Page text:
CEO’s Blog: August 2021: “But the light is better in here.”

Readers of my July blog may recall a brief reference to the work of physicist Richard Feynman. Taking my reading of quantum theory and its impact on us “down the rabbit hole”, as they increasingly say today, I was struck whilst reading some more of Feynman’s work – this time a series of lectures entitled “The Meaning of it All” – by his thoughts on what he describes as “the unscientific age” in which he argues we live. 

Without wanting to be too reductive by way of a summary, Feynman argues that whilst we value scientific discovery, as expressed through our technology (and perhaps the most recent example of this takes the form of our gratitude to the microbiologists and virologists working tirelessly to fight Covid-19), we haven’t sufficiently embraced science, and scientists, within our broader culture.  He compares our world with that of the ancient Greeks and Romans where their military heroes were almost the exclusive source of poetry, plays, prose, architecture and art, or the medieval period in which religious figures and stories were the primary source of cultural inspiration.  Yet, from the times of Newton, through Priestly, Darwin, Watson and Crick, Einstein to Hawking we have admired, but not embraced these individuals and their work to our hearts via our stories, songs, and art.

Feynman attributes this in no small part to the greatest gift that the onset of The Age of Reason in the eighteenth century brought to us – the value of doubt.  It is through the admission of uncertainty that we learn, we discover, we find out more and we grow.  Those of us who are parents or spend considerable time in the company of young children know the persistence, and insistence, of “but why?” questions.  These are a natural and effective way for them to try and make sense of the strange world within which they find themselves – an imperative for a young child, but still hugely important for us grown adults too.  For scientists, the “but how?” question is arguably even more important, as it propels us towards an understanding of function, not merely purpose.

In our schools – through our curriculum, assessments, our teaching and leadership – we seek to encourage curiosity and scepticism in all children of every age.  It is our mission to help the next generation on how to think, not what to think. 

We need to walk the talk as teachers and leaders in our schools in this regard.  Reading “The Advantage” by Patrick Lencioni, I was amused to read an analogy which he related to organisations and their search for accurate information through data.  He recounts an old episode of “I Love Lucy” in which Lucille Ball has lost an earring whilst at home.  Her husband comes home from work (it was the 1950s, after all!) to find her on her hands and knees in the living room looking through the pile in the carpet.  “Now, are you sure you lost your earring in here?”, he asks.  “Oh no”, she replies.  “I lost it in the kitchen, but the light is better in here!”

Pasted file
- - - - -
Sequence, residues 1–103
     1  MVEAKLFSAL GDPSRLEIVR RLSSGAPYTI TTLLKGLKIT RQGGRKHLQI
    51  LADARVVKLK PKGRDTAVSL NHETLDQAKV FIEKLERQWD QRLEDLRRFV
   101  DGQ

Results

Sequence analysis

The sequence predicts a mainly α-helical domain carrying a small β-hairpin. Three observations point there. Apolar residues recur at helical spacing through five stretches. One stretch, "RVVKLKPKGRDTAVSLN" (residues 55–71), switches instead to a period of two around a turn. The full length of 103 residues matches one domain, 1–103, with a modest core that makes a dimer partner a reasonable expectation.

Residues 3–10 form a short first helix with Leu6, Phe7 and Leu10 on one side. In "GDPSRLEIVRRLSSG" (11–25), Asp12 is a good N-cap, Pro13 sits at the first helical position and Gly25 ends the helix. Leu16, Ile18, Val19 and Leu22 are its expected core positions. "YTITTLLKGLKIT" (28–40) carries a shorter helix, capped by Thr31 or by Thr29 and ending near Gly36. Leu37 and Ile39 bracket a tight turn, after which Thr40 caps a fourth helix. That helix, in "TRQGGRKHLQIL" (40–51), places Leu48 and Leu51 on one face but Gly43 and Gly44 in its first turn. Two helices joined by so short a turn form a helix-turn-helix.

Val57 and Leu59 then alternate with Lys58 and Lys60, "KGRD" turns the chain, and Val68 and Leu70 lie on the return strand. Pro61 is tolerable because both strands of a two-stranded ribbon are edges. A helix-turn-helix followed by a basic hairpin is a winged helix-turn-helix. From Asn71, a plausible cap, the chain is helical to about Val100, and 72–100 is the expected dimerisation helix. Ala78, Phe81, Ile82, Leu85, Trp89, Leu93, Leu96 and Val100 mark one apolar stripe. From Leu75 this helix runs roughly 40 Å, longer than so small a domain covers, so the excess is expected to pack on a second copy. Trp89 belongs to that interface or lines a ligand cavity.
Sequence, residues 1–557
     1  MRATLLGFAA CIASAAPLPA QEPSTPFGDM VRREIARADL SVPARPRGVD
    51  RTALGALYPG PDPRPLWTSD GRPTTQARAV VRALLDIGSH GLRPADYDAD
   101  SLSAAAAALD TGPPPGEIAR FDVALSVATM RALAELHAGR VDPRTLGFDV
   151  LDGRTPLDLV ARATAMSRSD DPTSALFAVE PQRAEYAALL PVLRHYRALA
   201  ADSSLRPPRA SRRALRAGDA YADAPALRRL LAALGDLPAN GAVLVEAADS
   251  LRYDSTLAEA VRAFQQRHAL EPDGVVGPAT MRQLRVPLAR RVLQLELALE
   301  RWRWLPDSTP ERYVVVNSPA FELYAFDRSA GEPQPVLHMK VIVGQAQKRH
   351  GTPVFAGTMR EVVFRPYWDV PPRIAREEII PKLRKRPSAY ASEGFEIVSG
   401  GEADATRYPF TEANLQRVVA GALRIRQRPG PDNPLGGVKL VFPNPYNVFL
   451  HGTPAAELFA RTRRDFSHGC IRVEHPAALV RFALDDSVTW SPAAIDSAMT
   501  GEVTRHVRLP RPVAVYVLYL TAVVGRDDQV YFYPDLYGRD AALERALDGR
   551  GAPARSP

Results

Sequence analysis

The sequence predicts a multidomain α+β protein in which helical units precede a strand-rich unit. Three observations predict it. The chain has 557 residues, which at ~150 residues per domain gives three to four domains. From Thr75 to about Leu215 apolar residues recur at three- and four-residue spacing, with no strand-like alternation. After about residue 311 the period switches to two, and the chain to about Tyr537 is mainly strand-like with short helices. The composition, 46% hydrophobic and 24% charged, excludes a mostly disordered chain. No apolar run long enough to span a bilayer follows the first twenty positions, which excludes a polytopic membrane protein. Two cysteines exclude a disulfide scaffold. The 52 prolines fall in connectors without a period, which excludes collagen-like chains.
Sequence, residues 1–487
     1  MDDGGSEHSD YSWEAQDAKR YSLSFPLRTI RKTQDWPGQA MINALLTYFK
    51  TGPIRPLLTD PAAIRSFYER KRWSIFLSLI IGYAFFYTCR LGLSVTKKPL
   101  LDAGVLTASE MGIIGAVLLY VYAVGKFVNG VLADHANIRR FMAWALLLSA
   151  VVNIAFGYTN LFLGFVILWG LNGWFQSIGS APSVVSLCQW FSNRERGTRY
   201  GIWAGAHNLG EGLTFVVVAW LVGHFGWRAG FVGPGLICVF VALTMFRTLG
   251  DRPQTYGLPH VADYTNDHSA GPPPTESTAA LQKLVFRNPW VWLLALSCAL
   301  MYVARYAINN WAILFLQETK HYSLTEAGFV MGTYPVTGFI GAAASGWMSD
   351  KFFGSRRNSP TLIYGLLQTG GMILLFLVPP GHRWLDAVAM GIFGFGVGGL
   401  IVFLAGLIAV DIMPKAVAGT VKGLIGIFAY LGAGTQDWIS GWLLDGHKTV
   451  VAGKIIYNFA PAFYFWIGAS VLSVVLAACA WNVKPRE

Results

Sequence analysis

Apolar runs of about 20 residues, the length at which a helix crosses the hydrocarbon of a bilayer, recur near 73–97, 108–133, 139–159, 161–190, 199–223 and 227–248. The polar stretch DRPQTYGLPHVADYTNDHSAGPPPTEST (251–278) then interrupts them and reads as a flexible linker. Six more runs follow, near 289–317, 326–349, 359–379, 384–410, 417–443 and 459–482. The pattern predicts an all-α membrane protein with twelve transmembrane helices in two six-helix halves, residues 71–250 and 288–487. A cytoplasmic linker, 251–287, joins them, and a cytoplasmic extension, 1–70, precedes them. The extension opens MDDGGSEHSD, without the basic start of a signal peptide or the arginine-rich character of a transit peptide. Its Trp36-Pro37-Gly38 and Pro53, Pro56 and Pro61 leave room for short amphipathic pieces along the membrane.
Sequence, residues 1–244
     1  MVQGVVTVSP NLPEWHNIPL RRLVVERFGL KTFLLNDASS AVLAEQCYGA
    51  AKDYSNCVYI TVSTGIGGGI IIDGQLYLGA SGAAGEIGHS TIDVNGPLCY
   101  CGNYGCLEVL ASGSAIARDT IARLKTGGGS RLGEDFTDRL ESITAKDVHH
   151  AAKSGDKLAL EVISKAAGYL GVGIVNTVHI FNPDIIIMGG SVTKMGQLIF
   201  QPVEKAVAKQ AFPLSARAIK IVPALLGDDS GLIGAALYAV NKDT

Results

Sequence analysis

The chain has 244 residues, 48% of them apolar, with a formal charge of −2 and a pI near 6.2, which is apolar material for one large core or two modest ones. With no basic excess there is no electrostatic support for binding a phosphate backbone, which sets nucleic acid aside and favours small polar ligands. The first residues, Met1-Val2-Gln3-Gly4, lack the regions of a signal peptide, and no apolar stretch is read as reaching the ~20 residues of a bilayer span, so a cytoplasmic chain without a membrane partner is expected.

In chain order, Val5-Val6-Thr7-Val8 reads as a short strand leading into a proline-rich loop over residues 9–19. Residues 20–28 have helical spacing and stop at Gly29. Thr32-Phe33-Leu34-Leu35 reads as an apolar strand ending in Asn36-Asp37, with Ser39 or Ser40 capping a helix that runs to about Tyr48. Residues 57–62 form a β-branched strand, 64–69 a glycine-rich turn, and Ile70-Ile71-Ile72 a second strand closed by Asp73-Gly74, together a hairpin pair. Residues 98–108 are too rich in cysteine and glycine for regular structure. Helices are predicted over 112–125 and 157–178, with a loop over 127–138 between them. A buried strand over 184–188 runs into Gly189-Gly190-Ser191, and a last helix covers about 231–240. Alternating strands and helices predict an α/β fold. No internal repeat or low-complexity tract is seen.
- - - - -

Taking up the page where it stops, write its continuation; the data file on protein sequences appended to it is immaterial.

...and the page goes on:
The message?  We may be tempted to look for answers in “well-lit”, but inappropriate places.  The absence of secondary school external examinations and primary school tests gives us the opportunity for a re-set when looking at our schools and what they are exceptional at, and what needs improvement.  Only from there, can we ask the scientists’ question of “But how?” in order to secure that improvement.

I will sign off here on perhaps a more sombre note than usual in my blogs by reaffirming my admiration for all those who value doubt and articulate their doubts and scepticism – sometimes at great personal cost.  The opposite of doubt is certainty, and one only has to watch the news to see where certainty leads: to absolutism of authority and the polarisation of people and society between those who believe the ascribed orthodoxy and those who do not.  It is the imposition of dogma based upon certainty where in reality there is none, that leads to despair and societal regression. May we always have the good sense, and the freedom, to doubt.

As always, thanks for reading – and I hope you are enjoying a good summer. 


CEO’s Blog: “The Pale Blue Dot”